[kruhm-puh l]

verb (used with object), crum·pled, crum·pling.

to press or crush into irregular folds or into a compact mass; bend out of shape; rumple; wrinkle.
to cause to collapse or give way suddenly: That right hook to the midsection crumpled him.

verb (used without object), crum·pled, crum·pling.

to contract into wrinkles; shrink; shrivel.
to give way suddenly; collapse: The bridge crumpled under the weight of the heavy trucks.


an irregular fold or wrinkle produced by crumpling.

Origin of crumple

1400–50; late Middle English; variant of crimple
Related formscrum·ply, adjectiveun·crum·pling, adjective Unabridged Based on the Random House Unabridged Dictionary, © Random House, Inc. 2019

Examples from the Web for crumple

Contemporary Examples of crumple

Historical Examples of crumple

  • The legs of his adversary seemed to crumple up like paper beneath him.

    The House in the Water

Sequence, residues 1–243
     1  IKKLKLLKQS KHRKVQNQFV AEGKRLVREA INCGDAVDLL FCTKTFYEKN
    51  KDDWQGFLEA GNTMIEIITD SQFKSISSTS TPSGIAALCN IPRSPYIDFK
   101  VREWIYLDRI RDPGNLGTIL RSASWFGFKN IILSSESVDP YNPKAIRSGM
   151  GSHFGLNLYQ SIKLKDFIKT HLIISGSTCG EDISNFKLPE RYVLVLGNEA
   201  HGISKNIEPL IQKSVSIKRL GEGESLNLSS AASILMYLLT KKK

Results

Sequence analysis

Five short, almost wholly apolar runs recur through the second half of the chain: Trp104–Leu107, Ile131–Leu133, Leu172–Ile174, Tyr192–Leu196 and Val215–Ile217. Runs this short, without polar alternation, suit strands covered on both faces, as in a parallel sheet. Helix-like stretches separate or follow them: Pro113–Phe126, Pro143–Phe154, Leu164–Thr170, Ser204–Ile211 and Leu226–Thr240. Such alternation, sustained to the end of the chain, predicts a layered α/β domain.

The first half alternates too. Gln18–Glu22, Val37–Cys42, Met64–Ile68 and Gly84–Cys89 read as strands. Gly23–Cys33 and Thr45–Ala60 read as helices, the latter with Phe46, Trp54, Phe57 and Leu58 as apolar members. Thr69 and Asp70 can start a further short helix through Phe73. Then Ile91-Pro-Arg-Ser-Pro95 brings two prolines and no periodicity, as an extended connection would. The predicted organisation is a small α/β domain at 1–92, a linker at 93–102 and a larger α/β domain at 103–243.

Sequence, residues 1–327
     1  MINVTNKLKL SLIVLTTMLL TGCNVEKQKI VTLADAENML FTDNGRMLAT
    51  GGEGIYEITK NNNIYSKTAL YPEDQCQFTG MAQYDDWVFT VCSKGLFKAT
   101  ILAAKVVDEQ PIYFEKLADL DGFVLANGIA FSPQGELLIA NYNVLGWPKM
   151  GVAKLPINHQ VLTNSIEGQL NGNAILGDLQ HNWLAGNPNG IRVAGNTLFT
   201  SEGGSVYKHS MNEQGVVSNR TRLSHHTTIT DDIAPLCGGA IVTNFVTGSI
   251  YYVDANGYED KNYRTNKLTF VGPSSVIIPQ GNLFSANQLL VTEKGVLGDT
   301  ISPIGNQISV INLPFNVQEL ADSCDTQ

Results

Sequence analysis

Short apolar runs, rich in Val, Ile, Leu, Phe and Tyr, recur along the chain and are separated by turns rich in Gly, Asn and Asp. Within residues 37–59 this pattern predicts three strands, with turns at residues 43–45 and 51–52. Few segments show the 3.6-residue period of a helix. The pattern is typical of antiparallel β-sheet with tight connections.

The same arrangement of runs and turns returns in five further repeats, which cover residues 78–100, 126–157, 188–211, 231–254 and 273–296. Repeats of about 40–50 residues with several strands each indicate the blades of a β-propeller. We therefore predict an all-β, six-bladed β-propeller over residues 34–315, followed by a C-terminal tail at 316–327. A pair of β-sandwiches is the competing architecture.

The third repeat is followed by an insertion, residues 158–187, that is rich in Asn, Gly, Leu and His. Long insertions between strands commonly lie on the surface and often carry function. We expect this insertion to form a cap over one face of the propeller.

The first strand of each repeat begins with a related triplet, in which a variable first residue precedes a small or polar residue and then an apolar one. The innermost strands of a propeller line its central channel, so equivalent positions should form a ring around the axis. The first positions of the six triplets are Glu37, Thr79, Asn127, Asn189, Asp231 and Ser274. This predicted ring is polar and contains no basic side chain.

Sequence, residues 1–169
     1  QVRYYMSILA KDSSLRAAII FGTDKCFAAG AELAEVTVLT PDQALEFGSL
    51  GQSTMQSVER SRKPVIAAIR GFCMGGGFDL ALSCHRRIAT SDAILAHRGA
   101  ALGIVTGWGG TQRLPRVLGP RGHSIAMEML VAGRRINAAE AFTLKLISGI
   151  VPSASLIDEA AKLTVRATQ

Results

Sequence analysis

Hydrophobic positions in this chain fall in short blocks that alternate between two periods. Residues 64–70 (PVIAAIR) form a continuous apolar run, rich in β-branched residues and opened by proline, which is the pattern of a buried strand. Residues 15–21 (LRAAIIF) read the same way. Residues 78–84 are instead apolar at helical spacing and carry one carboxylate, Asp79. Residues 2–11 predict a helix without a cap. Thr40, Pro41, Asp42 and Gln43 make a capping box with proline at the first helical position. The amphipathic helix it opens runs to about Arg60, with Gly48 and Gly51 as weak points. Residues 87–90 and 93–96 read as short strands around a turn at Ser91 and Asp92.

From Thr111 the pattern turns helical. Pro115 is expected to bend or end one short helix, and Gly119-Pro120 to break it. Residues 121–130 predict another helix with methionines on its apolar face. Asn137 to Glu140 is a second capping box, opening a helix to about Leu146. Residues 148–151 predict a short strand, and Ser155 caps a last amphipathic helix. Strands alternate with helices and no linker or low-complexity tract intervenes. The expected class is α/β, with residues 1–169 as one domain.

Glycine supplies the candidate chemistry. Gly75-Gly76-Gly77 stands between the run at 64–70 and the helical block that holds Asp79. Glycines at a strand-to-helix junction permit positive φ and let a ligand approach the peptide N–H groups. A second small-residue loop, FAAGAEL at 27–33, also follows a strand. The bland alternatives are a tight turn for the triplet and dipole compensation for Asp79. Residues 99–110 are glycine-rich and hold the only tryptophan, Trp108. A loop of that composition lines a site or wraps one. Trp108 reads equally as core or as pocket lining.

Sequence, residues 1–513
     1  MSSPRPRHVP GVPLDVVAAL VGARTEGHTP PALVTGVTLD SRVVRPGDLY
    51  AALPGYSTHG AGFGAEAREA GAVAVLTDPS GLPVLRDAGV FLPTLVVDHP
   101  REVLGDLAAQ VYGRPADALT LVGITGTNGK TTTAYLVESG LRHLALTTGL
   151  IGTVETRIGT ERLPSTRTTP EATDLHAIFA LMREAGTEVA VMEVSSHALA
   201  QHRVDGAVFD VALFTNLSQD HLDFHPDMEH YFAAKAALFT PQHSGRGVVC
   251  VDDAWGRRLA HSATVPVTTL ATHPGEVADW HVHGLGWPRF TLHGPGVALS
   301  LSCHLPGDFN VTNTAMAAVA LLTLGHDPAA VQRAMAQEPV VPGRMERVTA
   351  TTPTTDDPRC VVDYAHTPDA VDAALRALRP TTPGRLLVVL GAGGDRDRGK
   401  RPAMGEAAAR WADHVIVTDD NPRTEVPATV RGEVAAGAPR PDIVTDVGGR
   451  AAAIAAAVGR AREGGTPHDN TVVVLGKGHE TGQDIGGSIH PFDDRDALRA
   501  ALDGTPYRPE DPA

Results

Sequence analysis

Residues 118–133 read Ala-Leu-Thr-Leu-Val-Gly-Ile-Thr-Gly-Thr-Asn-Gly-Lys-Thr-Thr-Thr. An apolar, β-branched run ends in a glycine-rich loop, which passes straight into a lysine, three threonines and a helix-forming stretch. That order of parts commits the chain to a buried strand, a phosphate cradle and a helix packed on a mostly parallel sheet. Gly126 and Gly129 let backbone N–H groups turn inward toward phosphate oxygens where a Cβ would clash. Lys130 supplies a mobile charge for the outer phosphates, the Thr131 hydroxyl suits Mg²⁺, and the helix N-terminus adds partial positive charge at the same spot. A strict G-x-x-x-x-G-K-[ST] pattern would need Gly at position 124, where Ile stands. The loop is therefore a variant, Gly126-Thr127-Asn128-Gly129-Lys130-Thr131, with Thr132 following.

Charles G. D. Roberts

  • The crumple was not there, or at least only such crumple as she had naturally awaited.

    The Paliser case

    Edgar Saltus

  • The crumple affected Cassy but far less than she had expected.

    The Paliser case

    Edgar Saltus

  • And then he began to crush and crumple the paper, and to tear it into a thousand shreds.

  • He had the writing in his hand, and was about to crumple it, but I caught sight of it, and snatched it from him.

    The Iron Pirate

    Max Pemberton

British Dictionary definitions for crumple



(when intr, often foll by up) to collapse or cause to collapsehis courage crumpled
(when tr, often foll by up) to crush or cause to be crushed so as to form wrinkles or creases
(intr) to shrink; shrivel


a loose crease or wrinkle
Derived Formscrumply, adjective

Word Origin for crumple

C16: from obsolete crump to bend; related to Old High German krimpfan to wrinkle, Old Norse kreppa to contract
Collins English Dictionary - Complete & Unabridged 2012 Digital Edition © William Collins Sons & Co. Ltd. 1979, 1986 © HarperCollins Publishers 1998, 2000, 2003, 2005, 2006, 2007, 2009, 2012

Word Origin and History for crumple

c.1300, crumplen, frequentative of crumpen "to curl up" (from Old English crump "bent, crooked"). Related: Crumpled; crumpling.

Online Etymology Dictionary, © 2010 Douglas Harper